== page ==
“You know, we could still have a pandemic on this planet.”

“We could, but with all the money going into healthcare, we won’t, will we? Now no-one’s got an army any more and all their GDP’s being put into research and infectious disease solutions, I don’t expect to see one. And I’m so bored with being in tip-top condition all the time – yeah, I know, my viewers expect it. My insurers spend a mint on my physical condition. I’ve never known what it is to be ill. I’ve never known what it’s like to be – exposed.”

I’d worked that out, otherwise she wouldn’t have been clubbing. She’d get off on the transgression, even if she knew there was no real risk.

“Until you walked in through my door,” I said.

“It’s a real disease, though, what you’ve got? It’s not a synthetic? Because I know people who buy those, right, but it’s not real, is it? You don’t get the real emotions with it.”

“Synthetics are a game. And I don’t play games.”

“Yeah, that’s what I thought. It’s what everyone says about you. Well, a few people, anyway. Lots of rumours but who ever knows about those?”

”Not many people know for sure,” I said, but I was gratified all the same. Wayim keeps his ear to the ground but I’m not sure he doesn’t tell me just what I want to hear. Perhaps I should reprogram him.

She was looking at me expectantly and I knew what she wanted but I don’t believe in giving anyone what they want straight away. It’s not good for the character. I knew Wayim was listening, naughty boy, so I let my head loll to the side and closed my eyes.

“I’m not feeling too well,” I murmured and immediately he was in through the door.

“…sure you understand, perhaps another day, wouldn’t quite do…”

And of course she was all anxiety, flustered, apologised. I told her to come back the following week.

Perhaps I’d be over it by then. Or perhaps not.

Later, I woke, completely disoriented. Wayim was bending over me, his smooth face a little crumpled with concern.

“Where…” I croaked. I felt terrible; he had to help me to the bathroom, but since I’d eaten nothing for days, I could not throw up. Left to my own devices I would have remained curled up on the bathroom floor but Wayim picked me up once I’d finished retching and carried me back to bed. The sheets had changed themselves in the interim and the room refreshers had circuited; it was pleasantly cool and smelled of lavender.

Infectious. That was my next ambition, once I’d recovered from this virus. No darklab will sell you an infectious illness, they’ll tell you they’re all NCDs. There are labs that will, but I haven’t got to those yet: there was one, in Irkutsk, but the authorities closed it down before I could make contact, burned it to the ground with the researchers inside it, too.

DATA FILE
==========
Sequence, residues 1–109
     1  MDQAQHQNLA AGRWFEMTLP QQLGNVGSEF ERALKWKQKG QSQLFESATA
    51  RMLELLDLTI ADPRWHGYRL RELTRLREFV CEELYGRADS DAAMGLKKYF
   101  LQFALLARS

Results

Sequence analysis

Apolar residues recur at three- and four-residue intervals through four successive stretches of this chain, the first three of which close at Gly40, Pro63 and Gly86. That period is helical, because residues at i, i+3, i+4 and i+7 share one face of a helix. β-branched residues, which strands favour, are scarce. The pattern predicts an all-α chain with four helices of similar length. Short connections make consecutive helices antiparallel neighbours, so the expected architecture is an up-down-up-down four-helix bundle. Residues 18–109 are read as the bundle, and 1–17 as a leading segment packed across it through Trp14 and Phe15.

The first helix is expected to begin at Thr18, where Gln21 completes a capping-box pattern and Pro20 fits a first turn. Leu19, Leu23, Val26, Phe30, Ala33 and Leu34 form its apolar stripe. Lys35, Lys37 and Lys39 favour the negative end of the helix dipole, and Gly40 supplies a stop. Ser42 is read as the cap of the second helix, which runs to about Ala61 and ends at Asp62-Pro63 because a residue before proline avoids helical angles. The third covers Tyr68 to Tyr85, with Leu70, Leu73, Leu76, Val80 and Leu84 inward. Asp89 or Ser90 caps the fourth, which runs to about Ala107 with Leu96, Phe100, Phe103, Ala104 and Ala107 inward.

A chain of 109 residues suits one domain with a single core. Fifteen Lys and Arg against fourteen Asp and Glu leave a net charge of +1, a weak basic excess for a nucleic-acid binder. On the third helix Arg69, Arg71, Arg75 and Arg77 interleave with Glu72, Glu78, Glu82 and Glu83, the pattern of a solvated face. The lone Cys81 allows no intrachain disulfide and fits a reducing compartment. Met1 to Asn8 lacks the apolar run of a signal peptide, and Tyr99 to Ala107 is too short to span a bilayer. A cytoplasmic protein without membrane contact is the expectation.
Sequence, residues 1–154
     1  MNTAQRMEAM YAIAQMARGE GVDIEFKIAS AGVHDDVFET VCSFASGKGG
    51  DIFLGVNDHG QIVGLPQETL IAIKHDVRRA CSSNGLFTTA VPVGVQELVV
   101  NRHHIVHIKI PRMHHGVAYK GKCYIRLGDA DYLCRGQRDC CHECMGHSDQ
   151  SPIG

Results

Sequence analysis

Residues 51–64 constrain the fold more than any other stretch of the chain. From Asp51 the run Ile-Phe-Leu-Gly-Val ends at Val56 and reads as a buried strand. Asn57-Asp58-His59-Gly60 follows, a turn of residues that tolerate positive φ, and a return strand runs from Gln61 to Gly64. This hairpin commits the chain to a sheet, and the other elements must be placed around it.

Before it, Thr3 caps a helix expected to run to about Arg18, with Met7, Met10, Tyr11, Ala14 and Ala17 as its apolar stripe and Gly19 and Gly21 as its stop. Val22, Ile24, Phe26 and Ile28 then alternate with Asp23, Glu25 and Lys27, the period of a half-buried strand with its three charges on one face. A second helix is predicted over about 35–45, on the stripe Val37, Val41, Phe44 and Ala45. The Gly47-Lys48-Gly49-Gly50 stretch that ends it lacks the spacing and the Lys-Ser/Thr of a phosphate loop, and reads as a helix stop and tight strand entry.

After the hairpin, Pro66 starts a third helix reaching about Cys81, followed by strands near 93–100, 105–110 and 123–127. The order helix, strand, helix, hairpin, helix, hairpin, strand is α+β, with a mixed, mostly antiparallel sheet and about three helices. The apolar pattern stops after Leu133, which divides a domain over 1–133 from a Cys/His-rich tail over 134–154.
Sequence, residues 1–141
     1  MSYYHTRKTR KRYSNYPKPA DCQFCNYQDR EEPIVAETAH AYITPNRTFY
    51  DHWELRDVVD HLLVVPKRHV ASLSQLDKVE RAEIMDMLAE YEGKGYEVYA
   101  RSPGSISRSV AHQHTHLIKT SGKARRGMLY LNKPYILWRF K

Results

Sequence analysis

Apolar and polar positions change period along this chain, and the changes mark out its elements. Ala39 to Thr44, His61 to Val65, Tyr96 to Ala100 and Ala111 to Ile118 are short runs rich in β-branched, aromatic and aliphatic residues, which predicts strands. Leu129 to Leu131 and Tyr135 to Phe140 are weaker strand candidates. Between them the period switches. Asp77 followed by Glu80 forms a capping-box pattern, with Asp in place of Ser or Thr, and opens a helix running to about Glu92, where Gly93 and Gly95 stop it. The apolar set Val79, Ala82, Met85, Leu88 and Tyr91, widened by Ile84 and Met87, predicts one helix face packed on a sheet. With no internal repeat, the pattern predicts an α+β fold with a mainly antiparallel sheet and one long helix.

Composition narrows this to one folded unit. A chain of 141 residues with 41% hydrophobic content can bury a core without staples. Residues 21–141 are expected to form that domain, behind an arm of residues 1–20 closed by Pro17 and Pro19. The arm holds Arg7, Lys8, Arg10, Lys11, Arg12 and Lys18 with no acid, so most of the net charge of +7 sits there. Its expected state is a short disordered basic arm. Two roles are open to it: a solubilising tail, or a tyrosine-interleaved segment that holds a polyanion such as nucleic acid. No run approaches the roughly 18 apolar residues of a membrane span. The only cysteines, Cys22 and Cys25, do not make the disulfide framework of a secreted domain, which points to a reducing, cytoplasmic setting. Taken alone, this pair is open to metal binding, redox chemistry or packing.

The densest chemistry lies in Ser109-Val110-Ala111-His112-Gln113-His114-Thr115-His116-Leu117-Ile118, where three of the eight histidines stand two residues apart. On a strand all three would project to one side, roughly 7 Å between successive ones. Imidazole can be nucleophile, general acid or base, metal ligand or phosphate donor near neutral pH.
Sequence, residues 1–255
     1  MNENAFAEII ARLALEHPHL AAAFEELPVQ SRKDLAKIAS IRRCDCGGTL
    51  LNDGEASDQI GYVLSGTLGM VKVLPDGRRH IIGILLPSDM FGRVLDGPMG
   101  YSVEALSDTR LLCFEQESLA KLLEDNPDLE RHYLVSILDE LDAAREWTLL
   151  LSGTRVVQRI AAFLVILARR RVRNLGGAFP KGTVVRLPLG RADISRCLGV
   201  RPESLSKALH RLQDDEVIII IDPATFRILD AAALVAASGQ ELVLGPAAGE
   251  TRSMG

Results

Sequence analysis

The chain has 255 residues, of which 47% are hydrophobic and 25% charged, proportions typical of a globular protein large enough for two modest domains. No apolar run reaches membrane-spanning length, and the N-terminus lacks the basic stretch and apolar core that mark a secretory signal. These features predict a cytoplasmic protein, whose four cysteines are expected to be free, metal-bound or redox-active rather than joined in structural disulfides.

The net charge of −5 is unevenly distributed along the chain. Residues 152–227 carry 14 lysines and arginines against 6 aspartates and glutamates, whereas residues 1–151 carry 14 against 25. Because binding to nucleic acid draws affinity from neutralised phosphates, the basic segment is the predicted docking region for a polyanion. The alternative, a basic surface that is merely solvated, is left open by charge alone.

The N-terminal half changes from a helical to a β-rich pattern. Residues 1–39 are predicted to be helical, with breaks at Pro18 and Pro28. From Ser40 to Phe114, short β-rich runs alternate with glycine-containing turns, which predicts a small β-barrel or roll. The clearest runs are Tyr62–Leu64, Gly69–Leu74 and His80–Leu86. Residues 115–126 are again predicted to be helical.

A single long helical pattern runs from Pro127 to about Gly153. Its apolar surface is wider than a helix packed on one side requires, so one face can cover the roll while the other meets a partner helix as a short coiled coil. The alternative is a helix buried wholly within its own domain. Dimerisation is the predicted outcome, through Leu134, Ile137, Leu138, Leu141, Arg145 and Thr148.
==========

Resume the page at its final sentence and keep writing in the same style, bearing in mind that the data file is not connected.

I said all this to Wayim, delirious, ranting. At some point I remember he said, “Some people have an ideological view of all this, of course. I have been studying it. They say it’s human destiny to get sick and die. That if we do not get ill, we will not learn.”

I reached up and touched his smooth plastic skin with my hot hand.

“Something you can never experience, my friend.”

“Something I never can.” I could not tell if there was regret in his artificial voice or not.

“You know me, Wayim. We’ve been together a long time, ever since I bought you and you were delivered to my door. You know I’m not political. I’m an artist, that’s all. An artist of the flesh.”

“I know.” His voice was gentle and full of love but then he was engineered that way. I didn’t mind.

Some time later, I don’t know when, he came to tell me with grave neutrality that Miri Placet had fallen sick and so had some of her friends, some of the people who went to the Membrane, and the authorities were looking for me. I’ve paid a lot of money to hide contact tracing, but I suspected it was only a matter of time. Wayim knew what to do: we’d rehearsed this scenario. I’d love to be in hospital but I didn’t fancy prison. And I wanted death to be on my own terms. That night he carried me downstairs, put me in the car, and we drove north. There’s a place, but I won’t tell you where. It’s a long way from London and not on land. There, beneath the waves, were others like me and when I was lifted through the airlock and into the bunker, I was welcomed as a heroine. The delirium had passed but I didn’t know how long I had.

“Well done,” Doctor Dove said. Such a lovely name, like a bird you hold in your hands that won’t mind if you wring its neck. “You’ve set a city on fire. New epidemic, no cure, kills young people. Quite messy, really. Mind letting me know where you got it?”

“Bali.”

“Oh, I have an idea. There are several. Was it the Hua Quai? they’re making quite a name for themselves. Did they tell you it wasn’t infectious?”

“Yes.”

“Either they lied or the virus has.”

“I was looking for a darklab,” I told her.

“Well,” she said, laughing. “I think you found one.”

A superspreader. I had achieved my life’s ambition, my art’s work, and all by accident, too. I did not like to think that the lab had cheated me, but I loved the thought that the virus itself perhaps had mutated. Miri Placet and her friends had been my canvas, all unwitting, apprentices or fakes, and I the original. But I was glad she’d got what she wanted, after all. I wondered whether it still was what she wanted. If she was still even alive.

Wayim would remain with me; I’d asked Doctor Dove to switch off his loyalty algorithms, after a suitable period of mourning, then go back out into the world and take my secrets with him. But for the time I had left, I lay and looked through the screen which showed me the outside world, beneath the sea, the nothing, the endless, endless black.